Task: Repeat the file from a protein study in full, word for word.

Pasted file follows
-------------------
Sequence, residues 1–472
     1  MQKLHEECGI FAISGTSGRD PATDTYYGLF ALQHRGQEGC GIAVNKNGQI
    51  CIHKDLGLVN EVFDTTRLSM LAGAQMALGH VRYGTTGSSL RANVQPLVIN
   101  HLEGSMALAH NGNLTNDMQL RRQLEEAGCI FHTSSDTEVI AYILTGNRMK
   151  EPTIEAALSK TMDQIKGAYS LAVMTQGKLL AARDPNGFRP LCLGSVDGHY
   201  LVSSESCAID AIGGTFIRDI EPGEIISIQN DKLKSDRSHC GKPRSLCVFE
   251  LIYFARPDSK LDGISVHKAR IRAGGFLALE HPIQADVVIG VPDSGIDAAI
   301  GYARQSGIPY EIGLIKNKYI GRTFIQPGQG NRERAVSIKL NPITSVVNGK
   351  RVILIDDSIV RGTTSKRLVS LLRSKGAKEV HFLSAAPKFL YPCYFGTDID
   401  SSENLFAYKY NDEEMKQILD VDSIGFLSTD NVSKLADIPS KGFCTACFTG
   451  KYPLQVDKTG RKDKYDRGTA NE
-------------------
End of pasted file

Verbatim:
Sequence, residues 1–472
     1  MQKLHEECGI FAISGTSGRD PATDTYYGLF ALQHRGQEGC GIAVNKNGQI
    51  CIHKDLGLVN EVFDTTRLSM LAGAQMALGH VRYGTTGSSL RANVQPLVIN
   101  HLEGSMALAH NGNLTNDMQL RRQLEEAGCI FHTSSDTEVI AYILTGNRMK
   151  EPTIEAALSK TMDQIKGAYS LAVMTQGKLL AARDPNGFRP LCLGSVDGHY
   201  LVSSESCAID AIGGTFIRDI EPGEIISIQN DKLKSDRSHC GKPRSLCVFE
   251  LIYFARPDSK LDGISVHKAR IRAGGFLALE HPIQADVVIG VPDSGIDAAI
   301  GYARQSGIPY EIGLIKNKYI GRTFIQPGQG NRERAVSIKL NPITSVVNGK
   351  RVILIDDSIV RGTTSKRLVS LLRSKGAKEV HFLSAAPKFL YPCYFGTDID
   401  SSENLFAYKY NDEEMKQILD VDSIGFLSTD NVSKLADIPS KGFCTACFTG
   451  KYPLQVDKTG RKDKYDRGTA NE